The 'Star Wars' actor is being investigated by the Federal Aviation Administration after he mistook air traffic controller's commands when he landed his plane in a California airport.

AceShowbiz - Actor and celebrity pilot Harrison Ford is facing an investigation by Federal Aviation Administration (FAA) officials after misinterpreting an air traffic control operator's commands and crossing an airport runway.

The "Star Wars" icon landed at Hawthorne Airport in Southern California on Friday, April 24, 2020 and was asked to "hold short" on the runway due to other "traffic."

However, Ford misheard the instructions and proceeded to cross the taxiway as the tower operator angrily chastised him.

In audio footage obtained by TMZ, the official snapped, "I didn't tell you to get across that runway now. I told you to hold short. You need to listen up."

Apologising for his mistake, the 77 year old replied, "Excuse me sir, I thought (you said) exactly the opposite. I'm terribly sorry."

Luckily, the only other traffic was another pilot practising touch-and-go landings on the other end of the runway, so there was no real danger of a collision, according to the outlet. FAA bosses have since launched an investigation into the incident.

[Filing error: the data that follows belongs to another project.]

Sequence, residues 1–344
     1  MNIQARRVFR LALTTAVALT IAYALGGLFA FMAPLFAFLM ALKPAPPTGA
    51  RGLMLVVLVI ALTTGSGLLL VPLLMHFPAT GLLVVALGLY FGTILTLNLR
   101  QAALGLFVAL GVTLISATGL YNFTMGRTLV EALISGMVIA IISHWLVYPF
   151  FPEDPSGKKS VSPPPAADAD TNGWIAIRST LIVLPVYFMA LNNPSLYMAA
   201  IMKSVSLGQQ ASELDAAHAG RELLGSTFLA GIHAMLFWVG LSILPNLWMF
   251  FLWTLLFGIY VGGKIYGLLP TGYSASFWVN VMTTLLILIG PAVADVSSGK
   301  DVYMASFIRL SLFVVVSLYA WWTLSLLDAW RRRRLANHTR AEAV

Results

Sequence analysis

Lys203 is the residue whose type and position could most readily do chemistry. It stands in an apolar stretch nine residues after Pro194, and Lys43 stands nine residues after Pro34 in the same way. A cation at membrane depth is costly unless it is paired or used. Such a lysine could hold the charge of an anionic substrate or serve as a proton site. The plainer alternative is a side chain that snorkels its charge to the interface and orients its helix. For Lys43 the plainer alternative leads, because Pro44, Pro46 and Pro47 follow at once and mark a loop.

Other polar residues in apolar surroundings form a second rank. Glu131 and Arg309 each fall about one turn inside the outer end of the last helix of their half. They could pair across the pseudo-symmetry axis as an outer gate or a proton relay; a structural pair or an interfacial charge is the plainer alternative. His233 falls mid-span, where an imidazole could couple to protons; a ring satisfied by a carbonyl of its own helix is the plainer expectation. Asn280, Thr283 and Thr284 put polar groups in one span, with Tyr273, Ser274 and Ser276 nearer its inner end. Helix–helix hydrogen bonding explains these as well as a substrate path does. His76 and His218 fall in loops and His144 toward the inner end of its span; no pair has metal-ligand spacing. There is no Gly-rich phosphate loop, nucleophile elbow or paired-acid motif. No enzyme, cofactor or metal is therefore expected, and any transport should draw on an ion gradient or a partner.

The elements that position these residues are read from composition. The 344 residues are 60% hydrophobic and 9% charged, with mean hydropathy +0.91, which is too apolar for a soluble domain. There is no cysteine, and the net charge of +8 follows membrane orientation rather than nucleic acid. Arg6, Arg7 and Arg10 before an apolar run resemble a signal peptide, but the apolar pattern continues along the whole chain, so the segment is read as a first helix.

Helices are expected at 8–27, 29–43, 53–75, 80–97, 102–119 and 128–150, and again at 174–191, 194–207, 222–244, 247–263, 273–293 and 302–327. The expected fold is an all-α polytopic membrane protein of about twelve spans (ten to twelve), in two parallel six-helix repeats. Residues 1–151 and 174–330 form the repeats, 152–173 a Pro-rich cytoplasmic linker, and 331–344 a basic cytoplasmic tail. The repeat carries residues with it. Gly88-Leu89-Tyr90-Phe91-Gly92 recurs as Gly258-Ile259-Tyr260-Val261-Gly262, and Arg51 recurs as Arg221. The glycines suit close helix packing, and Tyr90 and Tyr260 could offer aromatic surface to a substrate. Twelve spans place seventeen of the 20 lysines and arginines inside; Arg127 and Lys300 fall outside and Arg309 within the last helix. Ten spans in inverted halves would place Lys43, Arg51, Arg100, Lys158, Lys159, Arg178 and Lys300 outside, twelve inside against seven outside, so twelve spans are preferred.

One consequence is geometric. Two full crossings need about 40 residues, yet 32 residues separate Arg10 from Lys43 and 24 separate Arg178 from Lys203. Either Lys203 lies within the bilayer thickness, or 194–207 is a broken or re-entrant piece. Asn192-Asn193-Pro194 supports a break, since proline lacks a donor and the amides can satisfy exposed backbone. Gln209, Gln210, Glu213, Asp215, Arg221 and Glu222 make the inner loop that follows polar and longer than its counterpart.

A representative for the actor confessed to TMZ, "Mr. Ford crossed the airport's only runway in his aircraft after he misheard a radio instruction from ATC. He immediately acknowledged the mistake and apologised to ATC for the error."

"The purpose of the flight was to maintain currency and proficiency of the aircraft."

Ford is reportedly working to update his pilot's licence to enable him to take part in more relief efforts during the coronavirus pandemic.

The star is no stranger to FAA bosses - in February, 2017, he hit headlines after mistakenly landing his single-engine Husky on a taxiway instead of a runway at John Wayne Airport in Orange County, where he narrowly avoided a potential collision with an American Airlines passenger plane, which was preparing for take-off. The commercial aircraft was able to depart safely moments later, and Ford, who had branded himself a "schmuck" over the radio for his error, subsequently escaped FAA punishment.

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